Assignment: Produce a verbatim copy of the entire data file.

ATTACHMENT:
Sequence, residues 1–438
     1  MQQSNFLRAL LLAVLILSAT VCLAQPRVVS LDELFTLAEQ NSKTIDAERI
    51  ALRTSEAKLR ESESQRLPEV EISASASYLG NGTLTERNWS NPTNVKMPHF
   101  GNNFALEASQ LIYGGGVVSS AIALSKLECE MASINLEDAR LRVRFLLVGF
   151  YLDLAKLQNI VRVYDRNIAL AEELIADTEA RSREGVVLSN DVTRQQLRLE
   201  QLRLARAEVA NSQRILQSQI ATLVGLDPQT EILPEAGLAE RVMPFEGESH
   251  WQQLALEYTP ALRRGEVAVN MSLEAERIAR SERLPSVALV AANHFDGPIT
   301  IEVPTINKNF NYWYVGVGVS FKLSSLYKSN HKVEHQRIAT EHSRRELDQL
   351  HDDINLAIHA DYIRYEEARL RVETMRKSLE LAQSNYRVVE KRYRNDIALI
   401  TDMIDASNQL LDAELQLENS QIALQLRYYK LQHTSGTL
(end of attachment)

Sequence, residues 1–438
     1  MQQSNFLRAL LLAVLILSAT VCLAQPRVVS LDELFTLAEQ NSKTIDAERI
    51  ALRTSEAKLR ESESQRLPEV EISASASYLG NGTLTERNWS NPTNVKMPHF
   101  GNNFALEASQ LIYGGGVVSS AIALSKLECE MASINLEDAR LRVRFLLVGF
   151  YLDLAKLQNI VRVYDRNIAL AEELIADTEA RSREGVVLSN DVTRQQLRLE
   201  QLRLARAEVA NSQRILQSQI ATLVGLDPQT EILPEAGLAE RVMPFEGESH
   251  WQQLALEYTP ALRRGEVAVN MSLEAERIAR SERLPSVALV AANHFDGPIT
   301  IEVPTINKNF NYWYVGVGVS FKLSSLYKSN HKVEHQRIAT EHSRRELDQL
   351  HDDINLAIHA DYIRYEEARL RVETMRKSLE LAQSNYRVVE KRYRNDIALI
   401  TDMIDASNQL LDAELQLENS QIALQLRYYK LQHTSGTL